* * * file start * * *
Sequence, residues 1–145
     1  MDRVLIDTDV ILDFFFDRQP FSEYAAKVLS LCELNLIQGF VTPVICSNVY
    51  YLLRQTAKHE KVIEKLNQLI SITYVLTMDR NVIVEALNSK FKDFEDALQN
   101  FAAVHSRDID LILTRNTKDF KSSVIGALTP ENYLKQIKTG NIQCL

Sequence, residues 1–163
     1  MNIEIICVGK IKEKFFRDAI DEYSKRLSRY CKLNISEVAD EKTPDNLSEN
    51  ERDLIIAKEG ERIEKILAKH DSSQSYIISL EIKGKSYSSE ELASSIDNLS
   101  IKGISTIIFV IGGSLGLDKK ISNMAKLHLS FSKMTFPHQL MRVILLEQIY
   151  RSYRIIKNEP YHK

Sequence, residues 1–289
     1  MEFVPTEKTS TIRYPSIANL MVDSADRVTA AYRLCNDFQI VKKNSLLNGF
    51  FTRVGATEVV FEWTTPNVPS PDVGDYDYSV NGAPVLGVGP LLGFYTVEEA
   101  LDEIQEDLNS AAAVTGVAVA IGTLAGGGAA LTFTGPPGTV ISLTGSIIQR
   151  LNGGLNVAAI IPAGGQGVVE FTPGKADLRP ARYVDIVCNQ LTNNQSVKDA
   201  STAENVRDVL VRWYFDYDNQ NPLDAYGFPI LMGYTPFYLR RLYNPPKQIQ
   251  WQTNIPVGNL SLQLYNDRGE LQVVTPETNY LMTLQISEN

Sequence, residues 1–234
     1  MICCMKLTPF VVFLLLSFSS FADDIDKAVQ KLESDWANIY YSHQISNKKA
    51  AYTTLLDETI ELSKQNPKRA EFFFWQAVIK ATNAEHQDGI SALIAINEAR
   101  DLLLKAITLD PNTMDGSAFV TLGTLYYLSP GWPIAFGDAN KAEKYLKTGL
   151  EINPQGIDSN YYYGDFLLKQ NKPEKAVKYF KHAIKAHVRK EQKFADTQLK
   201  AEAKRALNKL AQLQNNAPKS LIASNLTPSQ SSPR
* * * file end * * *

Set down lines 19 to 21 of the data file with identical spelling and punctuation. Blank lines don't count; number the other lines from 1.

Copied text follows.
    51  AYTTLLDETI ELSKQNPKRA EFFFWQAVIK ATNAEHQDGI SALIAINEAR
   101  DLLLKAITLD PNTMDGSAFV TLGTLYYLSP GWPIAFGDAN KAEKYLKTGL
   151  EINPQGIDSN YYYGDFLLKQ NKPEKAVKYF KHAIKAHVRK EQKFADTQLK